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January 2, 2015
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Parents worried as some schools defying govt’s order on closure

Peshawar

January 2, 2015

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PESHAWAR: Despite government orders, certain private schools have asked parents to start sending their children to schools from January 5.
The winter vacations have been extended till January 11 in view of the security concerns in the wake of the terrorist attack on the Army Public School and College on December 16. The government institutions are bound to obey the government instruction while the private institutions have also assured to follow the official directives.
However, some private institutions are defying the government instructions and have asked the parents to start sending their kids to school from January 5. This has caused serious concern among the parents. “The schools have not taken any security measures and they are insisting that we start sending our children to the school. Our children are at risk. Please tell us what to do,” said Shazia Hina, whose children are studying at a private school in the provincial metropolis.
She urged the government to take action against the institutions that are not obeying its orders.The Allied Public School in Gulbahar area in Peshawar is one such school that has asked the students to start attending the school from January 5.
Minister for Higher Education Mushtaq Ahmad Ghani, who also holds the portfolio of information, said that all the educational institutions would have to follow the security guidelines issued by the government. “Every institution would have to get no-objection certificate from the deputy commissioner. Any institution which failed to acquire the NOC before January 12 won’t be allowed to reopen,” he stressed.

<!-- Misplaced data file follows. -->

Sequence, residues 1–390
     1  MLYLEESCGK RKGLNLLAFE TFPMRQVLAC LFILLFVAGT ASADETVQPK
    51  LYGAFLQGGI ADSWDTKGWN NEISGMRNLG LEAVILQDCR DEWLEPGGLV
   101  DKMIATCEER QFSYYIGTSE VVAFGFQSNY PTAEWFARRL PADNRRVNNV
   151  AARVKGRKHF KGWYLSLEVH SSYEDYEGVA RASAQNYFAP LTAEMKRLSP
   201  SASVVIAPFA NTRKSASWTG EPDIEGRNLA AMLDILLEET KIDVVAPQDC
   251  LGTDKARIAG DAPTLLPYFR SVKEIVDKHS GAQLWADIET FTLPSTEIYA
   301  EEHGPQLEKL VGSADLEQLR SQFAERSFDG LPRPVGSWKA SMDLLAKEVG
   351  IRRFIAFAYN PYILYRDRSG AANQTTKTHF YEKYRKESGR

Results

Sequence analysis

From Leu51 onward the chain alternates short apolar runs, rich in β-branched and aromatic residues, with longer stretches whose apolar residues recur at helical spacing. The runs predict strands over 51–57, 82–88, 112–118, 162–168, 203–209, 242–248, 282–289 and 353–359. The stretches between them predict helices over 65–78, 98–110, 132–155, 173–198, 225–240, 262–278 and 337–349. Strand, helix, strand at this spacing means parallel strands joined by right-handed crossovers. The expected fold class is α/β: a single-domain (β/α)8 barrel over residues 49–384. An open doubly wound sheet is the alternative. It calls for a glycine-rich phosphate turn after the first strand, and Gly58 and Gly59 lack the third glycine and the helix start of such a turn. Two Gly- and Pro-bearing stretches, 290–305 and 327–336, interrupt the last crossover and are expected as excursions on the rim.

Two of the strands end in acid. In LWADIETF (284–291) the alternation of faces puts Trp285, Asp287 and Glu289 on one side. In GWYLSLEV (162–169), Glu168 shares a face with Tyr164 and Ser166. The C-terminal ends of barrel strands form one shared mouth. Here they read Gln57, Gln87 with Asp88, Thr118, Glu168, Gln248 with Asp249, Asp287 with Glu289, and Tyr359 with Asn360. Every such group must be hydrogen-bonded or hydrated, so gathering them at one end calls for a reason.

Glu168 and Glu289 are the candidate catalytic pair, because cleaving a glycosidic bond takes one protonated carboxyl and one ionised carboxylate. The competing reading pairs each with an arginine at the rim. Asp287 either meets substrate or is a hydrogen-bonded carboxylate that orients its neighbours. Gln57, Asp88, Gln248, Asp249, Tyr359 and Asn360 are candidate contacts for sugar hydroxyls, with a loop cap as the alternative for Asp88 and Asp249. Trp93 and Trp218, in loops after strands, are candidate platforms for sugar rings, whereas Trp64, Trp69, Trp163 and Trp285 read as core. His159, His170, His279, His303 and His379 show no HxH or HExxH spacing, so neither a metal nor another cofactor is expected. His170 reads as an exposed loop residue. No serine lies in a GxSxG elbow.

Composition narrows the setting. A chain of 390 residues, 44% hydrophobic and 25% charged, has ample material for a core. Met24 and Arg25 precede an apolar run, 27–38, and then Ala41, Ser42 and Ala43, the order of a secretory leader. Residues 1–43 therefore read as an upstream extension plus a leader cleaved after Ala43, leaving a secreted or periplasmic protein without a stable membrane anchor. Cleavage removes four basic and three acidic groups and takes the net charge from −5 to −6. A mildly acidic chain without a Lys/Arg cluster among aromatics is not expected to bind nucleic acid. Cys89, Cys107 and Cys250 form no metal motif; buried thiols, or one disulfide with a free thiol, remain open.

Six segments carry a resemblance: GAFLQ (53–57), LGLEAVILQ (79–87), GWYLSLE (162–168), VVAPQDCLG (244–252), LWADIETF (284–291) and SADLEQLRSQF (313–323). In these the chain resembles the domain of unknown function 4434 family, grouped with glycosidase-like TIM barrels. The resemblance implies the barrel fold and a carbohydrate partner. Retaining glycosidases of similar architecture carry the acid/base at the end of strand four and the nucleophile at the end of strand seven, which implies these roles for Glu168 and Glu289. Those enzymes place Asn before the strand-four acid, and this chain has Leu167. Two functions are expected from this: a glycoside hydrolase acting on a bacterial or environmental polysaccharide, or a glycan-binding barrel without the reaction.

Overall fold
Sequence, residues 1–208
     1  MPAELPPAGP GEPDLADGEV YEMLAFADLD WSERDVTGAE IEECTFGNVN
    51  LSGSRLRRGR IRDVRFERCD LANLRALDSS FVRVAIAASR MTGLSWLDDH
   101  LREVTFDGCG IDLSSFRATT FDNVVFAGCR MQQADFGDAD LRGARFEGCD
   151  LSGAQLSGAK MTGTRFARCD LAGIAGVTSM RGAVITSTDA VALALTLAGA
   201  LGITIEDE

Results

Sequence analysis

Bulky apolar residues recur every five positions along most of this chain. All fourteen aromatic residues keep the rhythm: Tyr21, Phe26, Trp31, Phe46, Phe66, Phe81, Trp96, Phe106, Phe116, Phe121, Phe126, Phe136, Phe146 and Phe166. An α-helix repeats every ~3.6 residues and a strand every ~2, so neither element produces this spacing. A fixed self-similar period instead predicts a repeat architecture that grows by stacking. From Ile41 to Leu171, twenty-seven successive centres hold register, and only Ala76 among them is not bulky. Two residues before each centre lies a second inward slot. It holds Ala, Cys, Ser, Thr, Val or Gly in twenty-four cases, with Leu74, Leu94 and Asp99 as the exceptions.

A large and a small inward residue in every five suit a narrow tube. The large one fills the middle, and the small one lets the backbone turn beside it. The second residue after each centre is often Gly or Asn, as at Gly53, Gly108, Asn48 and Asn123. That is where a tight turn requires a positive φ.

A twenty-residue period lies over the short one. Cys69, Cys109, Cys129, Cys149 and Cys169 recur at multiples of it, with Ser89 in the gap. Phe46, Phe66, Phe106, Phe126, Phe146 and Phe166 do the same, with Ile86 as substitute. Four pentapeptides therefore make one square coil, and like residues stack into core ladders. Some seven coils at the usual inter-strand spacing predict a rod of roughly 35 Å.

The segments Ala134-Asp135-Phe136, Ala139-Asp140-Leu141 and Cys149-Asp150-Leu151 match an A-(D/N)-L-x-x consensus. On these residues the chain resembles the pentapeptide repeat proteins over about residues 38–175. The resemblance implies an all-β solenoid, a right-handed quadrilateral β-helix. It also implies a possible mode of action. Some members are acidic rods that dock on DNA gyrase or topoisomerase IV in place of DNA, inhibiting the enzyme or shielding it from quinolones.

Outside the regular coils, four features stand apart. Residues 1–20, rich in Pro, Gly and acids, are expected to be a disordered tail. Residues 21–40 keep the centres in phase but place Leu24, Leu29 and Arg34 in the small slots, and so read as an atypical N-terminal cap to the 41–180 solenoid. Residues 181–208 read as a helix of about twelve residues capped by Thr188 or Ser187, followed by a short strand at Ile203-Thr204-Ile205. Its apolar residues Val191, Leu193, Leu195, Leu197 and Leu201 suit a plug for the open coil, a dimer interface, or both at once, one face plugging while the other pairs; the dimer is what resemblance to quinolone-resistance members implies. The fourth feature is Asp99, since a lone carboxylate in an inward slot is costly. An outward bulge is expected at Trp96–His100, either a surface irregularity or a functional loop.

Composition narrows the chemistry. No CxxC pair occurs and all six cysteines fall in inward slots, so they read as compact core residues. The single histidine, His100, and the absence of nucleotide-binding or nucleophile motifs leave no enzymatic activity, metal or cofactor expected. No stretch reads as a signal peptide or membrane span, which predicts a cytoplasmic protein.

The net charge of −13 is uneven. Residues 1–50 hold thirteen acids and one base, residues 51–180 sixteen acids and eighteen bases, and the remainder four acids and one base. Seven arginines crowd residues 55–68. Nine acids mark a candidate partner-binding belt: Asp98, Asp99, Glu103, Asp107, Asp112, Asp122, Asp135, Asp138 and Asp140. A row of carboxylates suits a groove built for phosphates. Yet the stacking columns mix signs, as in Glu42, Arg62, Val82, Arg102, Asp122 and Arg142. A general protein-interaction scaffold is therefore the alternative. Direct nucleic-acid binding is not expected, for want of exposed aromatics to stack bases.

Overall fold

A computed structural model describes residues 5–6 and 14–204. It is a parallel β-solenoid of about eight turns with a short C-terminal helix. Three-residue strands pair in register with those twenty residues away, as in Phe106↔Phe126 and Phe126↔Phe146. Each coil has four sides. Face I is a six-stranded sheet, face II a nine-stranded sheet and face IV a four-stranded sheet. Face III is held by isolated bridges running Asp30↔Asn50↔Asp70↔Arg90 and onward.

When told that some institutions have announced reopening schools from January 5, he said strict action would be taken against such schools and colleges and their registration would be cancelled.
About the security guidelines, he said that the major educational institutions and school chains have been asked to take effective security measures to avert any

untoward happening. “Look, we are not talking about the small schools established in streets having minimum requirements. But the large institutions, which are collecting heavy fees, have been asked to take proper security measures,” he said.
In the wake of the school attack, the government has expressed its commitment to enhance security at all the educational institutions in the public and private sectors and necessary steps are being taken in consultation with the education department officials at different districts and the management of the private schools.
Most of the private schools have assured to follow the government directives about security issues. President of the Private Educational Institution Management Association (PEIMA), Khwaja Yawar Naseer said that they convened a meeting of all the private schools across the province wherein it was unanimously decided to reopen the school from January 12 and adopt the security guidelines. “We also request the few schools, which have announced reopening earlier than the date given by the government,” he said.
He said that they were ready to adopt most of the guidelines given by the government such as the installation of closed-circuit television cameras, used metal detectors, raising the height of boundary walls and ensuring security to the school buses. “But it was not possible for them to hire security guards as it was costly. We cannot enhance fees further,” he argued. “Each school would require at least 12 security guards for 24/7 duty that would cost at least Rs 150,000 a month,” Khwaja Yawar Naseer pointed out.He said the government instead of asking the educational institutions to hire private security guards should ensure police patrolling.

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